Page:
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Beethoven, Complete Piano Concertos, Lisiecki / Academy of St. Martin in the Fields

Music Review: Beethoven, Complete Piano Concertos, Lisiecki / Academy of St Martin in the Fields, Deutsche Grammophon

The High Arts Review rating: ★ ★  ☆  ☆  ☆

The Beethoven Piano Concertos are real gems, each one a masterpiece, and there have been sets where the pianist manages to underline their uniqueness.

Jan Lisiecki is a very thoughtful pianist and he manages just that: he definitely doesn’t give us a run-of-the-mill account in the present release. There’s careful rubato, changes of tempo abound, and the playful last movements really dance. He is also the conductor, and he does a fine job here: I have to say I was impressed with the transparency of playing in the louder passages and even though this is a modern orchestra, some HIP (historically-informed) touches are present (thunderous timpani etc.).

The First Concerto receives a very noble treatment. Now, noble might not be a word one would associate with this fiery work. But listen to how Lisiecki enters after the orchestra, right at the beginning, how he sculpts the very first phrase softly. The curious thing about this reading is that, after the impressive no-holds-barred orchestral statement, one would expect the same level of energetic playing from the pianist. But, while every phrase is alive and present, I felt that certain passages could use more thrust. In the Largo sometimes his playing can be too mannered, as in 2:57, where the pianissimo is such that the pianist sounds as if he has just missed a note and these mannerisms do return, making passages, like the one from 5:07 to 5:10, sound disjointed. The finale fares best with some exciting orchestral playing from the brass, where Lisiecki’s playing sounds livelier overall.

The Second Concerto is, for me, the weakest link in the whole set. In the past we have seen other pianists take a liberal, slow approach, Aimard (in his set with Harnoncourt) being a case in point. My main concern here is some slow tempi which make certain passages sound static, followed by contrasting faster tempi only seconds later: unfortunately, such rapid tempo manipulations only make the work sound inconsistent. Listen to the first movement where, after the impressive orchestral interlude ending at 6:20, the piano enters way too hesitatingly, making an unnecessary contrast. This is one of Beethoven’s most youthful works and I doubt that such an over-interpretation is really needed. On a side note, let me also say that the specific recording of the Second Concerto also suffers from way too much coughing from the audience. But there are also some magical moments, like the fine orchestral detail, starting at 3:28, with some beautiful string pizzicati that are rarely captured and heard so lovely (3:57 onwards in particular). Again, I feel that the finale here works better, thanks to Lisiecki’s athletic playing.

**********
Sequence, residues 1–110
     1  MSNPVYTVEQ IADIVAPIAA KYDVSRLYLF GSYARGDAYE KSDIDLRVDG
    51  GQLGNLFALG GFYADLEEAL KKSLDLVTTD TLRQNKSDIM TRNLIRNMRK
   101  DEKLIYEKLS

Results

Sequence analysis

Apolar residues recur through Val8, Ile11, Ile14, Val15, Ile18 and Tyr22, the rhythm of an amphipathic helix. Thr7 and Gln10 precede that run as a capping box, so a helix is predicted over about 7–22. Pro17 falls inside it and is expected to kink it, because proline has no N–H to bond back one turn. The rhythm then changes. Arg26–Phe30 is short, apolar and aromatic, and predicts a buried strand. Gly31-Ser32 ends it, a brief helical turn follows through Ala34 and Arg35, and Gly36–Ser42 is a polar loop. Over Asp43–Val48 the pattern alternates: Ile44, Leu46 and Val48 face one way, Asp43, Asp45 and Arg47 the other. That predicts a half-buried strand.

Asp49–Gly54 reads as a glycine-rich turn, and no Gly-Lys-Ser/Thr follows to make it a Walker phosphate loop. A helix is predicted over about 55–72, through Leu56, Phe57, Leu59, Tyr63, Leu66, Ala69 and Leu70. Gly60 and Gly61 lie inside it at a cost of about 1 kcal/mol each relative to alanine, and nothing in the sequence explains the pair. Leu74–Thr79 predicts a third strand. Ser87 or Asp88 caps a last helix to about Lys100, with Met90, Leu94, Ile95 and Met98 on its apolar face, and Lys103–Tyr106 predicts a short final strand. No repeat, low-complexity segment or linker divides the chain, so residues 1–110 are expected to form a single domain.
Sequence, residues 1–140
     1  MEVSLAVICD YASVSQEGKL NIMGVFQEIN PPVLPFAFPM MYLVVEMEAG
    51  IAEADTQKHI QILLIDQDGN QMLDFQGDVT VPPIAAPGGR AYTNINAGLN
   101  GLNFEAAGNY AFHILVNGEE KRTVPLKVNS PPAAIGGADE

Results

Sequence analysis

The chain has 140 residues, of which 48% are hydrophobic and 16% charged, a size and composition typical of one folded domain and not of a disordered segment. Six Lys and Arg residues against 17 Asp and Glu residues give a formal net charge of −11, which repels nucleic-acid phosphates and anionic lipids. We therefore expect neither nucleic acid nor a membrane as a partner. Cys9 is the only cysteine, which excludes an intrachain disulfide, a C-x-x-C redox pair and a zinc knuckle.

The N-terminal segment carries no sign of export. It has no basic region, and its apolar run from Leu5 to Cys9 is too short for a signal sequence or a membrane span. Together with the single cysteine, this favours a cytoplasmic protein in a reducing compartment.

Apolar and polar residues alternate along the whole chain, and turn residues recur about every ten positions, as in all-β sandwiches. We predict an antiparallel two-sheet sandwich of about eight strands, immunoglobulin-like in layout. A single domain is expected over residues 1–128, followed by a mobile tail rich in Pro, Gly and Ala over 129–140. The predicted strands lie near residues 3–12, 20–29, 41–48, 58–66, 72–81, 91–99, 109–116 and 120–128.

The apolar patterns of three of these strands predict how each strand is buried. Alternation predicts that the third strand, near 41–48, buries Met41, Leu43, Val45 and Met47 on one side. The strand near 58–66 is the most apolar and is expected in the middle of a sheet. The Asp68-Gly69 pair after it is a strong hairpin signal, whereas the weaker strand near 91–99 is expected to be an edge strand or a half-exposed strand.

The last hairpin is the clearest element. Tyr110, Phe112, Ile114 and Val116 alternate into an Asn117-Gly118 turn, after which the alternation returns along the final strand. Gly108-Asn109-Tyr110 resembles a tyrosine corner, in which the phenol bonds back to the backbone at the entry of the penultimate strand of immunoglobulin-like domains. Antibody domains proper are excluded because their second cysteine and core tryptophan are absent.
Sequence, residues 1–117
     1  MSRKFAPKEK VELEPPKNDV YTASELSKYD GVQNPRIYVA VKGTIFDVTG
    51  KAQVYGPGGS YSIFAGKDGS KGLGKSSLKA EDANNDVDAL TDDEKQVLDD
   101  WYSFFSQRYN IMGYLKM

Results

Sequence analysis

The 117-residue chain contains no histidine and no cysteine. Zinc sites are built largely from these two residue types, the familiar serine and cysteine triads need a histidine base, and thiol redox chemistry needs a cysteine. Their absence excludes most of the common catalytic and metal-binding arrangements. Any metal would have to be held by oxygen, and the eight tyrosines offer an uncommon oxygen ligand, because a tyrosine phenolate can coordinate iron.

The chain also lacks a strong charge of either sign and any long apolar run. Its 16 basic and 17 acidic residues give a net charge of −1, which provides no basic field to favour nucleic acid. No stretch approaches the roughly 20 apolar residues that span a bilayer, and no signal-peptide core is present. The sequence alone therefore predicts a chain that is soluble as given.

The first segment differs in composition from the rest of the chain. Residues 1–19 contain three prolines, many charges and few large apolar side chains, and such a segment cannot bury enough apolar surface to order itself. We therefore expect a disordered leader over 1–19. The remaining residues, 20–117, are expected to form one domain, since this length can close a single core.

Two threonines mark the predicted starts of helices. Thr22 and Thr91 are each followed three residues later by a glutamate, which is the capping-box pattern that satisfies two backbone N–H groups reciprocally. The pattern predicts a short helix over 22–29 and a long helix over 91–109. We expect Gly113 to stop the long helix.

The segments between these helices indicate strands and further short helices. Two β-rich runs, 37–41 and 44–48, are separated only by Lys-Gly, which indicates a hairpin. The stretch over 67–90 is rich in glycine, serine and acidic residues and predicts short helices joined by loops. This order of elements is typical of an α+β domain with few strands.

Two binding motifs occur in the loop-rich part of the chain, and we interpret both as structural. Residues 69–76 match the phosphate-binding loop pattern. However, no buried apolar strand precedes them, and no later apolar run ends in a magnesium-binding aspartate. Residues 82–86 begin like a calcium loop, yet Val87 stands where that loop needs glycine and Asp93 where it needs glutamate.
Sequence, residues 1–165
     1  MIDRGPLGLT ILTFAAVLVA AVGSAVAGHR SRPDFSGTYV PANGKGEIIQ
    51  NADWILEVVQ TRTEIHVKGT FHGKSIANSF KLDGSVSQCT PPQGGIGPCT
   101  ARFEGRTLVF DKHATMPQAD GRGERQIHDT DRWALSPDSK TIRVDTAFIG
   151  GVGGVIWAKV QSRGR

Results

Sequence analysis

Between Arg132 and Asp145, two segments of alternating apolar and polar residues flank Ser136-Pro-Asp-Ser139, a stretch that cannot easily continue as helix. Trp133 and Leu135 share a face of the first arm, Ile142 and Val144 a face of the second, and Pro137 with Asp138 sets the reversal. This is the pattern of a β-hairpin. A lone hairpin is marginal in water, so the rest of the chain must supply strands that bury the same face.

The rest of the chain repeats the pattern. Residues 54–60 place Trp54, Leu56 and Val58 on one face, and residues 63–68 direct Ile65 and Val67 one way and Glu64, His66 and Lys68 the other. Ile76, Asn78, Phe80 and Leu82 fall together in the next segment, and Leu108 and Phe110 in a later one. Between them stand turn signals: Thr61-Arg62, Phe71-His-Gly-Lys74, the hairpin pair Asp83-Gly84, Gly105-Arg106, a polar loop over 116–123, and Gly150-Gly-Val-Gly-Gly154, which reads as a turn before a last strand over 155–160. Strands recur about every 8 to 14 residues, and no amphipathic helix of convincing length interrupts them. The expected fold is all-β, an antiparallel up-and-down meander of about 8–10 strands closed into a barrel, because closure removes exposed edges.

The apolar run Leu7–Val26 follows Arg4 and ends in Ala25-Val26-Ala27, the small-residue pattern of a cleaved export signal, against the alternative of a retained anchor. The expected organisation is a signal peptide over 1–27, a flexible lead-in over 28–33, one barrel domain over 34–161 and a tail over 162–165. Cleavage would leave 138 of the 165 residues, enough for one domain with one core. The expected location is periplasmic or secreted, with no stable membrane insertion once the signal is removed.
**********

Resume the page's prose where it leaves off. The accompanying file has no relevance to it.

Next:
With the Third Concerto, we enter Beethoven’s middle period and one can sense that from the powerful orchestral opening. Yes, the orchestra could make more of a statement in the opening Allegro con brio but that is not to say that it lacks power. In fact, I have hardly any complaints regarding the performances of the last three concertos. Everything sounds almost fine: especially the slow movement of the Third Concerto is as lyrical as one would expect. This could arguably be Lisiecki’s finest moment. Poetic, poised, free-flowing, unmannered, sensitive. I only have accolades. Same for the Rondo-Allegro finale, one of the most energetic moments in the set.

The Fourth Concerto has a carefree quality, Lisiecki producing some characterful trills, even though I still wish he were less idiosyncratic in the solo parts (there are quite a few in the first movement) and I’d have wished for a more dramatic contrast between soloist and orchestra in the Andante con moto.

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As for the Emperor concerto, it receives an excellent performance: again, I would have preferred a more imposing orchestral contribution, but alas, this is a complaint I often have with recordings of the Fifth (Bernstein got it so right in his recording with Serkin!)

Overall, despite the many artistic choices Lisiecki takes, I often felt disappointed, especially with the first two concertos. Let me just say that while I like performers taking chances, there were times that  I found the changes of tempo distracting, as in the Second Concerto which needed more energy and less thinking.

But playing aside, I have to emphasize that Lisiecki does offer some magical insights and my only real complaint has to do with the recorded sound. While both orchestra and soloist have been captured in perfect balance, these are live performances and both stage noise and audience noise are very distracting. In this day and age, we hear live recordings where every single extraneous noise has been omitted. Here coughing has been retained and there is a lot of it. For me, it ruins, for example, the beginning of the Largo movement of the Third Concerto.

So, to sum up: Lisiecki’s approach in all five concertos (especially in the First and Second) is idiosyncratic with many personal touches and a plethora of tempo changes. This is not necessarily a bad thing, but these happen so often that I found the playing distracting me from the overall enjoyment. Still, there are some very fine moments. But even if the playing offered me 100% satisfaction, I would find the coughing and stage noise way too disturbing for me to propose this set.

Lisiecki is a very sensitive pianist with some really interesting ideas. If he re-visits and re-records these concertos again in the future, this time under ideal conditions (in a studio, with a conductor), I am sure the result could be more satisfying overall.

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